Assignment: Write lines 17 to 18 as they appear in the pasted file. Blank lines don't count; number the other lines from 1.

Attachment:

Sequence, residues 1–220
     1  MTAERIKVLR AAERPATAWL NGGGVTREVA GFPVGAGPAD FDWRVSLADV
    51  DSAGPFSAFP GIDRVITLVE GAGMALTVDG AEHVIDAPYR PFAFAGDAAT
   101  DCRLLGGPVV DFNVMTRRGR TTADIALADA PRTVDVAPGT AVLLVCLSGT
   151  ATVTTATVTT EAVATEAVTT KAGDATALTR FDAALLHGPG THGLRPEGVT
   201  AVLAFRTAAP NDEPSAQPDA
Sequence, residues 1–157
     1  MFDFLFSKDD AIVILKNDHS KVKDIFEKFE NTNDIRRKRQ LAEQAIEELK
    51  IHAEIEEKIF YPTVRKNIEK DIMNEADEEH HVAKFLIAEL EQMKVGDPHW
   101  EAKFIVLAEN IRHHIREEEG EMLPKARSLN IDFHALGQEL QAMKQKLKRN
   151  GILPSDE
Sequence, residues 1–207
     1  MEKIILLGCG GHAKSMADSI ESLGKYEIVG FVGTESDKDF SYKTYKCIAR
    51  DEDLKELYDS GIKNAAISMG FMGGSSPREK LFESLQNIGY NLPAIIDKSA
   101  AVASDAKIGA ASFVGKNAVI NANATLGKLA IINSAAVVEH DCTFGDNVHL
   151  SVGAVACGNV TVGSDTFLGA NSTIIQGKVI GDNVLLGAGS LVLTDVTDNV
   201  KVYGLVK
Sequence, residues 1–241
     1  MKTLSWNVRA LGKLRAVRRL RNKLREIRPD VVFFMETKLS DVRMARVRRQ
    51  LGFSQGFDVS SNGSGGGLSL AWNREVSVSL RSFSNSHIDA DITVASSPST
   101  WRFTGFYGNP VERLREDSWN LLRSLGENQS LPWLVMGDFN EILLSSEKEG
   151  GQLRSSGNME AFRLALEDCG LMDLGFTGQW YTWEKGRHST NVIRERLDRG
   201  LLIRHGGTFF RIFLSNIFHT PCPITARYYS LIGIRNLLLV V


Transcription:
   201  KVYGLVK
Sequence, residues 1–241